One of the many benefits our clinicians and volunteers receive from providing care to the Greatest Generation is the pleasure of listening to stories that may never be heard again. Sit down next to Clint Nordquist, 99, and you’ll be in for a treat. He will likely tell you about his experiences playing bass with some of the greatest musicians our country has ever produced, artists like Art Tatum and the “father” of the electric guitar, Les Paul.
Nordquist lights up when he begins talking about how he met Tatum, considered to be one of the greatest jazz pianists of all time. Suddenly, you are transported back to the 1950s-club scene in L.A. where Tatum marvels the crowd with his fast play and finesse.
“Jammed” with music legend Art Tatum
Nordquist saw Tatum play several times while living in L.A. and even had the opportunity to “jam” with the music legend. It’s clear he not only admires Tatum the musician but Tatum the man as well.
“Art was truly the best. Listening to him play was just out of this world,” he says. “Being able to be a friend of his and associate with him in such close conditions; I will never forget that time.”
Nordquist is quick to downplay his own skills when talking about Tatum but was obviously quite good in his own right. He was bass player for four years in the Les Paul Trio in Hollywood, California.
Played music all over L.A.
“Les wanted to be the most popular guitar player in the world and made a point to play in all the places where people would appreciate his talent, and spread his name,” Nordquist says. “I am telling you, we played everywhere, especially parties and dinners that movie stars would host. Sure enough, the next day in the society pages, a picture would appear and his name would be right there next to all the stars.”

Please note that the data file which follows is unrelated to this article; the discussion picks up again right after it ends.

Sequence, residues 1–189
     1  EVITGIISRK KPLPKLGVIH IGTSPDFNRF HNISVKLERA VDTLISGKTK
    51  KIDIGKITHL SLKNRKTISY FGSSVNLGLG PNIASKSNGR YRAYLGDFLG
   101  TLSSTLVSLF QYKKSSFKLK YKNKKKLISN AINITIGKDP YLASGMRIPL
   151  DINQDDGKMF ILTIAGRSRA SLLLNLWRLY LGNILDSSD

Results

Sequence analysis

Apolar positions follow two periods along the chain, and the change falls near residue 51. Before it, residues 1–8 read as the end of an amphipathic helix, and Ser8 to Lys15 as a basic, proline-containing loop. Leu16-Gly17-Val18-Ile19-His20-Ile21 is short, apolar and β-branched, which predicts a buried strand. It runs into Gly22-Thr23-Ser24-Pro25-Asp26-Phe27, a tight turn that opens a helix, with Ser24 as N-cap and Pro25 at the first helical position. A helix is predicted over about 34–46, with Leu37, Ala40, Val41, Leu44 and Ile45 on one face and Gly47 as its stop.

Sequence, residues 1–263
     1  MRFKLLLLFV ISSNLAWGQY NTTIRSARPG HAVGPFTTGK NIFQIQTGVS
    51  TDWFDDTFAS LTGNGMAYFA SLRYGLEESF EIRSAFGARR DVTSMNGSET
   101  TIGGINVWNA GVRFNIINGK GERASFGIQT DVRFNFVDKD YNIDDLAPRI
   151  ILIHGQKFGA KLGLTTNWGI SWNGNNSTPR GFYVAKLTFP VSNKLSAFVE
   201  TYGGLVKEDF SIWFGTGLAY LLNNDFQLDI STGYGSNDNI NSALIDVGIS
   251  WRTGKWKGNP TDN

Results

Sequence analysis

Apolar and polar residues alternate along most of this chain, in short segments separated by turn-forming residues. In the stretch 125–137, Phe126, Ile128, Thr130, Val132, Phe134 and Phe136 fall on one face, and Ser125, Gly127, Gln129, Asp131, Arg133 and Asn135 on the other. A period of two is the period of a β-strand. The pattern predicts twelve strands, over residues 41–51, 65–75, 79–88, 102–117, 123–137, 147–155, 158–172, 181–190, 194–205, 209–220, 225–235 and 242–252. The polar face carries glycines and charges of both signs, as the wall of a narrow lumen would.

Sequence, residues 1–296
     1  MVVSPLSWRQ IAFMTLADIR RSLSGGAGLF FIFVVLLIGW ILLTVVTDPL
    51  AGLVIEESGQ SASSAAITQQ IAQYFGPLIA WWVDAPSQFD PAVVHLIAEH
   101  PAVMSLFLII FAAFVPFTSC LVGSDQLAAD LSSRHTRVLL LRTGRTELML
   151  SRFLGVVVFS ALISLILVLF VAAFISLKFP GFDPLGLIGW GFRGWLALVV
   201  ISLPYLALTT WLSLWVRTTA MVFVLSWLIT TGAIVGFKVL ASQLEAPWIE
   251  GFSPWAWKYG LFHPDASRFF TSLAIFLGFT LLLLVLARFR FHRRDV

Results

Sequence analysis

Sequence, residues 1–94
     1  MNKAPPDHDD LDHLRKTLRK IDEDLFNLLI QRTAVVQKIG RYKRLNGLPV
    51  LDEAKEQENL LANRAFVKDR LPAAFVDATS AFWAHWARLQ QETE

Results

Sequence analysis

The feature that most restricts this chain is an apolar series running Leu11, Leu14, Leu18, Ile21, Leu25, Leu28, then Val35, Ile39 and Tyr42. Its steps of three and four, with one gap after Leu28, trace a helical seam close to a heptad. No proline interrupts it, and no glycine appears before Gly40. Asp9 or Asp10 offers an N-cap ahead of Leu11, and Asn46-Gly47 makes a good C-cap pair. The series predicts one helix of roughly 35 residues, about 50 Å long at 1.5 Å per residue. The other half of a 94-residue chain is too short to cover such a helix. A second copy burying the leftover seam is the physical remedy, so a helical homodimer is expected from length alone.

When Paul left to pursue his career in New York City, Nordquist continued to play music in L.A. with another bandleader, playing local gigs and parties until he retired from music in the late 1950s.
Housecall Providers volunteer, Paul Sternberg, appreciates all the music history he learns each week as he visits with Nordquist.
“Listening to Clint’s stories about playing with musicians—Les Paul, in particular—has been a thrill! To be able to play with someone like Les Paul you’ve got to be better than just ‘good’,” Sternberg says.
A musician himself, Sternberg was matched up with Nordquist when he was admitted to hospice in February of last year. When his condition improved in early summer, he came off hospice and began receiving in-home primary care from Housecall Providers. Last month, Nordquist started receiving hospice care again.
In-home medical made a big difference
“It has been a godsend for dad to receive home-based medicine,” his daughter Anne Berry says. “The process of getting him to a doctor’s appointment would be very challenging for both of us.”
Berry knows firsthand the fondness her father has for telling stories, and music is just one aspect of his rich and fulfilling life.
“Clint has led a multitude of lives. His interests and abilities extend well beyond just being a musician,” Sternberg says. “I have also loved hearing about all his other adventures. Especially how he designed and built the entire interior of a 33-foot schooner named after his daughter—Annie II—from raw teak.”
One of Nordquist’s greatest abilities, of course, is storytelling. After 93 years, he is still breathing new life into his tales, amazing and entertaining his listeners with memories from one well-lived life of the Greatest Generation.